Royal Fables when simply defined is a chic, high-nosed royal exposition that not just presents the creative oeuvres of palace studios, but also presents the culture and cuisine of royal India. We were the first to host a royal banquet in the presence of the Jung family at Falaknuma, way back in 2010. Later years saw us showcasing cuisines of Sailana, Rampur, Kishangarh, Kangra, Limbdi, Bhainsrorgarh and Kotwara. We assisted the music aficionado Maharaja Brajraj Singhji of Kishangarh to revive some of the rarest live recordings of women like Lalita bai and Gauhar Jaan, whose were voices of the pre gramophone era. But we did all this as quietly as the royals, sans blowing our own trumpet or singing from the cliffs of our USPs…. Maybe there was a Singh lurking in our heart and soul?
‘So what is this Punjabi doing amongst Rajputs?!’ is a question thrown at me much too
often with many suggesting that I might have a ‘Singh’ surname in my lineage. Or that my wearing pearls has to be because I think, deep down, like a Baisa! Many even subtly suggest through a whisper campaign, that like the myriad others I may be a wannabe royal hanger on, rubbing off their persona onto mine!
Alas, none of this is true. And I am sorry to have burst many bubbles as I declare that nine seasons and ten years later I remain true to myself: A proud Punjaban who is rooted to the ground. In this sense, I agree when many laugh and suggest that: It took a Punjabi to bring so many royal homes together, taking the stiffness away from their narrative. Two Punjabis actually as I could not have got the royals on our side without the effervescent support of my 2IC Akshat Kapoor.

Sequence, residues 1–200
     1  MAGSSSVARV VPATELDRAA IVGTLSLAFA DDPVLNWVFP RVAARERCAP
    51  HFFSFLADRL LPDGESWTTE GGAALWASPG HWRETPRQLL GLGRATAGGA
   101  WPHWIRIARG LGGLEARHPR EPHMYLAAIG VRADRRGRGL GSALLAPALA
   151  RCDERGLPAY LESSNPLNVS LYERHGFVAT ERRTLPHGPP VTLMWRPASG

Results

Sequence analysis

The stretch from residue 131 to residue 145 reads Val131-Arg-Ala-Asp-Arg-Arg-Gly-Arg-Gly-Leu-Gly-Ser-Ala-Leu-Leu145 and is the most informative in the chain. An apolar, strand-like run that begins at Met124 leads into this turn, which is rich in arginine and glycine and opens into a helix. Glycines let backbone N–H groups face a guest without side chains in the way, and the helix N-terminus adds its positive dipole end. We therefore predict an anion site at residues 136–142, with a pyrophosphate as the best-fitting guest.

Many drove my concept of Royal Fables into the successful reality that it presently is. We seem to have a divine connect with the DLF group: both Royal Fables and now Palace Karkhanas owe their patronage to them. My friend and soul sister, Sadhana Baijal took Royal Fables to the acclaim it deserves in Mumbai. My daughters, Akshiena and Akanksha, who gave it the design parlance and designed the logo. Varun, my husband and backbone, who simply takes the intricacies under his wing each time and of course the team itself- Deepali, Maanvi and Kamakshi, who are such a lovely lot of girls.
Now, 9 seasons old with chapters in Thailand, Morocco, Canada and the US achieved and a permanent label to sell under Palace Karkhanas, we still struggle to stand on our two feet. Each season the struggle begins: where to find funds to showcase the splendour in its real glory; who to associate with; how to make those damn ends met. But we go on, telling that fable and reliving the past.
Because what is life without a fairy tale and the world without its princes and princesses?